Watercolor Weekends: Underpainting and Glazing
Discover this two-stage process that pushes you to leave more whites, achieve darker darks, and layer vibrant colors to achieve maximum brilliance in your watercolors. Learn the techniques of underpainting and glazing. The first layer of color painted on the paper—the “underpainting”—addresses value rather than color. When the underpainting is dry, you will glaze your work with pure color. This process works well for allowing color to sing. It also helps to make complicated subjects more accessible. Margaret will demonstrate many watercolor techniques throughout the various stages of this process. This is watercolor at its best. A supply list is available.
This is the first of four classes in the Watercolor Weekends à La Carte series, an ongoing program of one-day workshops. Watercolor, more than other painting mediums, is very technique-based. It is also a transparent medium, which sets it apart from other types of paint. These workshops will focus on color, core techniques, and understanding the tricks and timing to get the most out of each application. Demonstrations and individual studies will inform your painting process. These workshops are for all levels and more experienced painters will be given activities that challenge them where they’re at. Choose the classes that best fit your needs and schedule.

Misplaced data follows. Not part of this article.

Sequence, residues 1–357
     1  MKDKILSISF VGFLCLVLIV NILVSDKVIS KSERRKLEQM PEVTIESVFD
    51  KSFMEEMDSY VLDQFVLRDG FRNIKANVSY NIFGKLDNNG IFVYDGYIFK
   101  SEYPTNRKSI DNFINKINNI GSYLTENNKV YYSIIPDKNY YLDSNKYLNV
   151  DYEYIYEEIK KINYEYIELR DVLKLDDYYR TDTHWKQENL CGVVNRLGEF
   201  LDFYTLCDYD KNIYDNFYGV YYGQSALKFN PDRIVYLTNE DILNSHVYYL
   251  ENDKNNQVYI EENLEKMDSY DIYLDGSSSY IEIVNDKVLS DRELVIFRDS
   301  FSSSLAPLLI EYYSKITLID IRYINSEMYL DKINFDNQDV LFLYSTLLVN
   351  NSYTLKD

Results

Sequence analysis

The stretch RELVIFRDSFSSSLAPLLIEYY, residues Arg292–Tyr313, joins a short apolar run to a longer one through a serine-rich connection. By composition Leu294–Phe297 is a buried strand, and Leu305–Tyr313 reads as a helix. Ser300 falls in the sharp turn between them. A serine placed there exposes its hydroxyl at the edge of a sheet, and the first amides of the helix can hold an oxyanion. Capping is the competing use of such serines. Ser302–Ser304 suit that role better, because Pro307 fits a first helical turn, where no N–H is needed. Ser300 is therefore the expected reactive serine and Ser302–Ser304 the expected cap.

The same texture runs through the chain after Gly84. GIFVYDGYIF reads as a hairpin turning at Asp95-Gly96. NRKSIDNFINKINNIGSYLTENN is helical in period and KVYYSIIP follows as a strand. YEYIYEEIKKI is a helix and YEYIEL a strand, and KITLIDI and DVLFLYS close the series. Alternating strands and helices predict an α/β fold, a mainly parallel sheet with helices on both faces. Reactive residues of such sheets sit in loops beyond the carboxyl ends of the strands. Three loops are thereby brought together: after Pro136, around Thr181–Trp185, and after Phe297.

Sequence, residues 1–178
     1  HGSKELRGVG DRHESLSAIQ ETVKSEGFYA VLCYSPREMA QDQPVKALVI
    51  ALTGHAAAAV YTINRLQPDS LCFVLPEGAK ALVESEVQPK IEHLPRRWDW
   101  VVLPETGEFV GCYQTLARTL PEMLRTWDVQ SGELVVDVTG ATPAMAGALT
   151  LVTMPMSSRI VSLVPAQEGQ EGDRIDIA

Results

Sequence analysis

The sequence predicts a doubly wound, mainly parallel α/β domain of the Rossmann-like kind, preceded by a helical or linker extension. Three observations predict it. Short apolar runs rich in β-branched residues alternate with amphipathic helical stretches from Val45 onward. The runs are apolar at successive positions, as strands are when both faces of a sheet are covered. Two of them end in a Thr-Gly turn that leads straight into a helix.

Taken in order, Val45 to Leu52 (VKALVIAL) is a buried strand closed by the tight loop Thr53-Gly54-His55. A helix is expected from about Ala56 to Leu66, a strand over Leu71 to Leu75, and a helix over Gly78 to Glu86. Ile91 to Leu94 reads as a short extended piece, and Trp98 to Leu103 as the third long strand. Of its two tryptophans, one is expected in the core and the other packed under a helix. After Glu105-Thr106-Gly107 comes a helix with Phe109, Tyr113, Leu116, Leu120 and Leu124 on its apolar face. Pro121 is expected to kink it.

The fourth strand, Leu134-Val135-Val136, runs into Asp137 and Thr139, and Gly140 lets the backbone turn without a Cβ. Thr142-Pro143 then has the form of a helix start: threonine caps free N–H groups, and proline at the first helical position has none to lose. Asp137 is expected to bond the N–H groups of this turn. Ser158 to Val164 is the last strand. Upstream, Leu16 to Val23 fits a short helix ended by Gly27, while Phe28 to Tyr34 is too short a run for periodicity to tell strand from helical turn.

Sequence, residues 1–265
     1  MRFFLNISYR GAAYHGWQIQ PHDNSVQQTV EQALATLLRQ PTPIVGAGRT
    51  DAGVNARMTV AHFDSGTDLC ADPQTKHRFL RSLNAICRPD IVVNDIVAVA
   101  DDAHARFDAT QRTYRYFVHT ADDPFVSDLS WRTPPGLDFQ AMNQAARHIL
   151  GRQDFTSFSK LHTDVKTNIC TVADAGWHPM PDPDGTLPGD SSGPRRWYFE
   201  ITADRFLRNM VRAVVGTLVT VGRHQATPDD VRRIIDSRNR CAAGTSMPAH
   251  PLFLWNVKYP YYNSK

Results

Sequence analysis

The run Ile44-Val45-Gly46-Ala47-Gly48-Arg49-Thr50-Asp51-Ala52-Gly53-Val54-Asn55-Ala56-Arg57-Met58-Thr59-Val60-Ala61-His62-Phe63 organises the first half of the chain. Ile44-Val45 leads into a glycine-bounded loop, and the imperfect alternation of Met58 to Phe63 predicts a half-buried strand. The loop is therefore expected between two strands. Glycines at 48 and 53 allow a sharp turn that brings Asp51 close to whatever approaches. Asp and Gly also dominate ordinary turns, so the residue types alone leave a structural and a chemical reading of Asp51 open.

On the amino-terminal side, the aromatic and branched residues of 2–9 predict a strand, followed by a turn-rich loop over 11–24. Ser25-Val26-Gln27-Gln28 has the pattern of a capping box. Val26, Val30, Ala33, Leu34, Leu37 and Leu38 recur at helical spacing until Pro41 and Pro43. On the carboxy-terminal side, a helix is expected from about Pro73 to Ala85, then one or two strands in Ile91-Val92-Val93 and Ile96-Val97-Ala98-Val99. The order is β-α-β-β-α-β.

Margaret Dwyer earned her Bachelor of Fine Arts from Siena Heights University and her Master of Fine Arts in Visual Arts from Vermont College of Fine Arts. Margaret works in several 2D and 3D mediums, with watercolor being her favorite. She is also a mural artist, having created dozens of murals both public and private throughout New England. Her work has been recognized in numerous juried national and international exhibitions and has been published in fine art books and magazines. Margaret is the 2019 Artist in Residence at the Marsh-Billings-Rockefeller National Historical Park. She currently teaches fine art through Kimpton Brook Art Studio in Wilmot, NH and ArtisTree. For more information about Margaret, visit her website.